In 1831, in violation of a treaty stipulation, the Sauk and Fox Indians, under Black Hawk and the Prophet, crossed the Mississippi into Illinois. Black Hawk was a Fox Indian, and the Prophet was a Winnebago, who, with a small band, became discontented and left the Winnebagoes and joined the Sauk and Fox tribes, where they had intermarried, and became part of the same tribe. Gen. Atkinson was ordered to remove them. They offered to go back and remain for sixty thousand bushels of corn, and as corn was only five cents a bushel, he gave it to them and they retired.
The following summer, thinking to get sixty thousand bushels of corn quite easily, they again crossed the river, and again Gen. Atkinson was ordered to remove them. Instead of buying corn for them he ordered all the available troops into the field, and the president ordered out the Illinois militia under the command of Gen. Henry and Gen. Alexander, all under the command of Gen. Atkinson. The Indians started up Rock River, pursued by the troops, committing occasional depredations as they went along. After they got into Wisconsin the troops lost track of them, and Gen. Atkinson continued up Rock River to where the village of Fort Atkinson now stands, where he established his headquarters and built a temporary fort.
In the meantime, Black Hawk, learning from the Winnebagoes, who also promised to assist him, that only thirty men remained in Fort Winnebago, determined to bum it and massacre its inmates. They accordingly came and encamped on the Fox River, about four miles above Swan Lake, and about eight miles from the fort. Every possible means that could be devised was adopted to protect the fort, and save the lives of the inhabitants, most of whom were women and children; but after all had been done that was possible, the commanding officer concluded that without reinforcements we would be lost, and determined to send to Gen. Atkinson for troops. I was selected for that duty for several reasons; among which was my thorough acquaintance with the
313country, and another was the probability that the Winnebagoes would not harm me.
Every day some Winnebago would come to me and advise me to go at night and stay in his wigwam, where he said I would be safe. At nine o'clock at night I left the fort, with many a God speed you, armed with a small Ruggles rifle, my dispatches, a tomahawk, and bowie knife. I crossed the Fox River at a shallow point just above where the public stables used to stand, and keeping the Indian trail that led from here to White Crow's village
I slept till 4 o'clock in the afternoon, and then started on my return, following the trail of the mounted militia for twelve miles, when I passed them, and reached the head of a stream that used to be called Rowan's Creek, about twelve miles from the fort shortly after daylight; and fearing to go farther till night, I crawled into some brush and went to sleep.
As soon as it was quite dark, I left my hiding place and returned to the fort as near as possible by the route I left it, arriving between ten and eleven o'clock P. M. I reported that the troops were on the way, and would arrive next morning. We kept close watch all that night, and at 4 o'clock P. M. next day the troops arrived. It may surprise some of my readers, that I should travel so rapidly, and the mounted troops should be so long on the road; but you must recollect the marshes were very wet at that time,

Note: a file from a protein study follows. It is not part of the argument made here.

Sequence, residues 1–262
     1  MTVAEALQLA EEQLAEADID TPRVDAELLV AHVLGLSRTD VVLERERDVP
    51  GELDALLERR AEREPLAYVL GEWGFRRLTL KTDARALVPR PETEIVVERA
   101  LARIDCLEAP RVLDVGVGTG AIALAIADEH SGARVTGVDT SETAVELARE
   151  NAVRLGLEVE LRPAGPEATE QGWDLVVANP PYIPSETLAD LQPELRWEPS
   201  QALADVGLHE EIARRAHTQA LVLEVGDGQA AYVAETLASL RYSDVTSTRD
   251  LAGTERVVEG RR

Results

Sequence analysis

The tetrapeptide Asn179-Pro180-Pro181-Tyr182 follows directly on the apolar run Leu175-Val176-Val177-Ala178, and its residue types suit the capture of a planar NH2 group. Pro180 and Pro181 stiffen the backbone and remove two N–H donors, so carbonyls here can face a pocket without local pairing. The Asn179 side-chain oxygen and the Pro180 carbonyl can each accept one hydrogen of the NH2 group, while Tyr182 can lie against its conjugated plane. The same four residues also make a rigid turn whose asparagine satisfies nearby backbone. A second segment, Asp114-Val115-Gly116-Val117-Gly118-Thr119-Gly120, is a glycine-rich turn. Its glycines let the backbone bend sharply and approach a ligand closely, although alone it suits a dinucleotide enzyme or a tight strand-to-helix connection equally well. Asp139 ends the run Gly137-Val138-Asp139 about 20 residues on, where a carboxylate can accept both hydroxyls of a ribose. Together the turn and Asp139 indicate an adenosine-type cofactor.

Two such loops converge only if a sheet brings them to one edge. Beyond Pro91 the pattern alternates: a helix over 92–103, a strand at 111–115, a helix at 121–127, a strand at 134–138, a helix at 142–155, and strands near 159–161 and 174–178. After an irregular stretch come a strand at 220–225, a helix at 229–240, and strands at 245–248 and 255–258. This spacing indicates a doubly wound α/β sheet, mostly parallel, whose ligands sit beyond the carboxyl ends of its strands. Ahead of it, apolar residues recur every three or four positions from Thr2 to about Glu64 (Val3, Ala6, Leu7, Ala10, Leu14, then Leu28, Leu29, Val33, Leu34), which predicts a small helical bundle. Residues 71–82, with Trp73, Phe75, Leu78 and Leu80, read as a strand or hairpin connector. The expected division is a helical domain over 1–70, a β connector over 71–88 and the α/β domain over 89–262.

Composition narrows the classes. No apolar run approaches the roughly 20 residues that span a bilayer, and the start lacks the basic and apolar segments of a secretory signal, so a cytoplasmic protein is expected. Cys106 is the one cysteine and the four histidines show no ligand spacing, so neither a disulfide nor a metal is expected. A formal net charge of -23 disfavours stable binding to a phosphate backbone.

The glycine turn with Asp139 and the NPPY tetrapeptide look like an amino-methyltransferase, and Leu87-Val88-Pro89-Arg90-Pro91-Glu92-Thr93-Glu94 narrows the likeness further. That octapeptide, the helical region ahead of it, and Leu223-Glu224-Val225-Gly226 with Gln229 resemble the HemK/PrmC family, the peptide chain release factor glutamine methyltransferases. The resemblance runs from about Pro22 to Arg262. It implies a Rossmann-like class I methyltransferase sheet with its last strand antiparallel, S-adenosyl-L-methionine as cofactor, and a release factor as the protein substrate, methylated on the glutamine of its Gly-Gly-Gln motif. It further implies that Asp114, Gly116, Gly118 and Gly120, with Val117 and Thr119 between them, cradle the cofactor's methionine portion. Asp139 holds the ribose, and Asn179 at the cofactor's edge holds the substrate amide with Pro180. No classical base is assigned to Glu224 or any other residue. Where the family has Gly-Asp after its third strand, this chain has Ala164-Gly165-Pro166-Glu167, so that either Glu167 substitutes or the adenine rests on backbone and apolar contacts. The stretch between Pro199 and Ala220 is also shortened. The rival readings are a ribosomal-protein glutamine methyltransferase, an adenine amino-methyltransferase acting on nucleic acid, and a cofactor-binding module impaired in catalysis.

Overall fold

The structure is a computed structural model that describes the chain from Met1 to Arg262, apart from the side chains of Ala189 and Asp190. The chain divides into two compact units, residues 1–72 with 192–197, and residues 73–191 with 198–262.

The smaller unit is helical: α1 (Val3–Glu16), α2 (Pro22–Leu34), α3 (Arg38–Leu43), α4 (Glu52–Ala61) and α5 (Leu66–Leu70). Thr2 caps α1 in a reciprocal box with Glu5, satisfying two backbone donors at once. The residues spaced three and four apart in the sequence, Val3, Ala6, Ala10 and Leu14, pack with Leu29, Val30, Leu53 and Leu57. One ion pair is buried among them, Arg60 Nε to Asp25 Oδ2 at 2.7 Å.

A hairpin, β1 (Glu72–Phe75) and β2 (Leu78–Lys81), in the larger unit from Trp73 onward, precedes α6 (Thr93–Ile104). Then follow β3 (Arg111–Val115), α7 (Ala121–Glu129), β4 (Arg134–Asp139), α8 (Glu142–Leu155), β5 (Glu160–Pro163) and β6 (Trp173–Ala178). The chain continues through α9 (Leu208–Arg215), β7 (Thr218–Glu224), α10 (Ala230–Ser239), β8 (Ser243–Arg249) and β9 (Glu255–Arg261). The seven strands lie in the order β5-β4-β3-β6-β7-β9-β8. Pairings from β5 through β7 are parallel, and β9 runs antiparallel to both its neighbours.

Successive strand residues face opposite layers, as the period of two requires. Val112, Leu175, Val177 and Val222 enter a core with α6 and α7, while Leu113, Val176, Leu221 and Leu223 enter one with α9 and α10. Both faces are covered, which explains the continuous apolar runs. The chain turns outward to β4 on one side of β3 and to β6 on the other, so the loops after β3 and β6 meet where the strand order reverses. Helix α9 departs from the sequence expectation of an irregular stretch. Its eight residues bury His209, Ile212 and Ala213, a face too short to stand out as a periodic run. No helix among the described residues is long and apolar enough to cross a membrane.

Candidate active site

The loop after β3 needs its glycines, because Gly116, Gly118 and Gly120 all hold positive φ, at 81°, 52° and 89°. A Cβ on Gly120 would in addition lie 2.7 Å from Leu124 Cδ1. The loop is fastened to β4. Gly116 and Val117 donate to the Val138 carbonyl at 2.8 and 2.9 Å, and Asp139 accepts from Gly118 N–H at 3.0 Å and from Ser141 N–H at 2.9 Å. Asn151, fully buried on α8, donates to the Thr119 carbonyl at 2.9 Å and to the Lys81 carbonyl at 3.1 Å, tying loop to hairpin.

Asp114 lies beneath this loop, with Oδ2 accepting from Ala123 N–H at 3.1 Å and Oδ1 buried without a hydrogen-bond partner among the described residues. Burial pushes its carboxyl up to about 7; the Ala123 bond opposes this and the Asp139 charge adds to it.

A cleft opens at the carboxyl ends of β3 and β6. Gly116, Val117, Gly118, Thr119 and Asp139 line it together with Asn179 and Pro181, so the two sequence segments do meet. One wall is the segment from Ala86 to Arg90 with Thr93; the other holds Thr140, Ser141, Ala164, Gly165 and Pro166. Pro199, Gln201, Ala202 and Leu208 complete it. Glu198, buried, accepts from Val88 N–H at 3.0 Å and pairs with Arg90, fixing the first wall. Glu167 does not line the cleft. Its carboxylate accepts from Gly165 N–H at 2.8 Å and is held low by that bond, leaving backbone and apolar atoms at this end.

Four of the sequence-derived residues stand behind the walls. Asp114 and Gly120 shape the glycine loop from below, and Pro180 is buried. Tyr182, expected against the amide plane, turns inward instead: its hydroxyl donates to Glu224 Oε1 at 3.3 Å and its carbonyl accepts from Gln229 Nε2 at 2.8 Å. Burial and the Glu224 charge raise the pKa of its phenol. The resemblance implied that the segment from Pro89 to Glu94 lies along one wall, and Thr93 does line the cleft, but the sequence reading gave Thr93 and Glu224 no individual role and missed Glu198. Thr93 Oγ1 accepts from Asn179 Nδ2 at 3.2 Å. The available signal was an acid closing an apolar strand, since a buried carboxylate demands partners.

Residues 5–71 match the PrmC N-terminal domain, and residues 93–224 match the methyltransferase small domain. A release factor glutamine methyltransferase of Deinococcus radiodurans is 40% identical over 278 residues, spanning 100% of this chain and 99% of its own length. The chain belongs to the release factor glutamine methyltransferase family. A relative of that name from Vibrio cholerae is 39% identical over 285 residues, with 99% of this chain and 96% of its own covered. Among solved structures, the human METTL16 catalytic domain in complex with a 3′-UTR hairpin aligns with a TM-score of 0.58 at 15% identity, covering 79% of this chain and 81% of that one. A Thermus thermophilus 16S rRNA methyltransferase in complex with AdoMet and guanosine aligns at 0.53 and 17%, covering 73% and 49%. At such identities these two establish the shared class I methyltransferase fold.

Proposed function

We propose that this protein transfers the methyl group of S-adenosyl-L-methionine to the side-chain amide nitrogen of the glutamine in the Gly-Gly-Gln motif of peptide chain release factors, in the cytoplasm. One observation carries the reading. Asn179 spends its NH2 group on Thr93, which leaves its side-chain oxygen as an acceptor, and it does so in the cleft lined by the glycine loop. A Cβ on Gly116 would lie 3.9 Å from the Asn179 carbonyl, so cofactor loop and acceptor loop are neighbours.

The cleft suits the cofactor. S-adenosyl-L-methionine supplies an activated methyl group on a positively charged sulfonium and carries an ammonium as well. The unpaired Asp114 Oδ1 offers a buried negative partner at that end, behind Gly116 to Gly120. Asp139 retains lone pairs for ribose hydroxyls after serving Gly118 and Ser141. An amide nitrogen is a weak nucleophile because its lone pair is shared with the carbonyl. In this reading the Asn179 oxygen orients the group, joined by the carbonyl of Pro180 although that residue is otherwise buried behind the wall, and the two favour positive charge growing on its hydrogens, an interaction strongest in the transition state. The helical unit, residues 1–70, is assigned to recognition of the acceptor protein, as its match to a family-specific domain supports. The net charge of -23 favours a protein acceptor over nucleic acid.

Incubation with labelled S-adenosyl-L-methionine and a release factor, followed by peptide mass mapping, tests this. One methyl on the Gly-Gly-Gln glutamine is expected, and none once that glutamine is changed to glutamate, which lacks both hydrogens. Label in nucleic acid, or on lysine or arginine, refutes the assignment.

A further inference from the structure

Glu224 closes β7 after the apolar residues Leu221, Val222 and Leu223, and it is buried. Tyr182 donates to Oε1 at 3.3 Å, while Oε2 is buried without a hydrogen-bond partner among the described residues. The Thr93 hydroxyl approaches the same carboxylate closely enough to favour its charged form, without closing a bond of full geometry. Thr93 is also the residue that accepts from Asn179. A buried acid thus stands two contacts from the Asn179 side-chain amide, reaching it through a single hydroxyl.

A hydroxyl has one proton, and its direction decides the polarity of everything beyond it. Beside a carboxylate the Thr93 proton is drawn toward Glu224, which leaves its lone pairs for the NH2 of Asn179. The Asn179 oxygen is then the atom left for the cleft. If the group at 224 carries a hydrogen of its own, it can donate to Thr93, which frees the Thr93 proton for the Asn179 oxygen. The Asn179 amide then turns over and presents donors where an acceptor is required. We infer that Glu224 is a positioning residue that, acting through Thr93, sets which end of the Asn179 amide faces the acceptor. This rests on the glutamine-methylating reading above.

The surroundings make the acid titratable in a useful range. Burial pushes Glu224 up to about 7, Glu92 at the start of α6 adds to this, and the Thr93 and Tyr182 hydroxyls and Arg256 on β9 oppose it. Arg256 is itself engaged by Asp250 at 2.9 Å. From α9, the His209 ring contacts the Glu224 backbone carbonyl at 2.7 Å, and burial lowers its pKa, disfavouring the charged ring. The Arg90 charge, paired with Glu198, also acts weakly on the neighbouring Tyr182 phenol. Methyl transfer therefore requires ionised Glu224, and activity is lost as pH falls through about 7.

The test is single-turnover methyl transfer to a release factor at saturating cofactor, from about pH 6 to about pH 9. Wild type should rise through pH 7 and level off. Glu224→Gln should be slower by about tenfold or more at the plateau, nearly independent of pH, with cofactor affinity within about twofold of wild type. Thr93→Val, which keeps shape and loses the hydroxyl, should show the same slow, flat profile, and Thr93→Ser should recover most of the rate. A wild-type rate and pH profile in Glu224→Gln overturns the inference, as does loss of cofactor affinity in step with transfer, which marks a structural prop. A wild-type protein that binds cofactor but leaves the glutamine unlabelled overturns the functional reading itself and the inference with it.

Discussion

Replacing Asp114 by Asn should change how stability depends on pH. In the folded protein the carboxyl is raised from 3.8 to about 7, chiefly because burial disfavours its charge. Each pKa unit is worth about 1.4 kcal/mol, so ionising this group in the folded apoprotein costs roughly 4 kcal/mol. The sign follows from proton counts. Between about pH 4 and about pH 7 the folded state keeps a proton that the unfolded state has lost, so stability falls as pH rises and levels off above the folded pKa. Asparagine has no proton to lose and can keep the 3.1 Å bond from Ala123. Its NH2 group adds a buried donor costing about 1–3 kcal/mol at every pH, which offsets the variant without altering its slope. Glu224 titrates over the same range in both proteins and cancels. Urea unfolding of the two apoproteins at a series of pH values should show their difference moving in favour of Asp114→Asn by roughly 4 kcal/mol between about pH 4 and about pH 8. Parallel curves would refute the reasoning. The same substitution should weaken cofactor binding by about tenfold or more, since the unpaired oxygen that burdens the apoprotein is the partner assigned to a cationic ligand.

314that the whole country was a wilderness, and that when I jumped into a stream and waded through or walked across the marsh, the troops had to build bridges and causeways.
The war would have been ended within two days if the militia had been in condition to follow the Indians; but the horses needed rest and food, rations had to be issued to the men, and many of them were without a change of under-clothing, and it was absolutely necessary to wait at least one day at the fort.
The second night the horses took fright (probably at some Winnebago Indians), and there was a regular stampede. Probably some of my readers may not thoroughly comprehend a stampede; and it may be proper to describe it, if possible, though only an eye witness can properly appreciate how terrible it is. Some horse, or may be a few horses get frightened and start to run; the entire drove may see nothing to alarm them, but presuming there is danger, they fall into line, and once fairly under way nothing can stop them.
Those in front cannot stop without being run over, and those in the rear run to keep up. On this occasion several hundred horses started with a noise like thunder, running so close together that when one is so unfortunate as to face a tree he was either killed or so badly injured as to be unable to proceed, and was run over by the whole drove; so if a horse was unable to keep up he was knocked down and killed; between the bank of the Wisconsin and the point of land between there and the fort, thirty-seven horses were found dead. They took the trail they came on, and ran to the prairie, a distance of about sixteen miles, over sixty horses were killed, and it was late next day before those recovered were brought back.
This of course occasioned another delay, and it was not till the fifth day, that they left the fort in pursuit of the Indians.
The enemy, in the meantime, went to the Four Lakes where, as I learned later, they were advised to cross the Wisconsin and the Mississippi as soon as possible. A few reliable Winnebagoes under Peter Pauquette and myself were secured for scouts. We had no difficulty in following their trail, and gained upon them rapidly, overtaking them on the bank of the Wisconsin about twenty-five miles below, where the battle of Wisconsin was fought. That battle made many heroes, and so it should.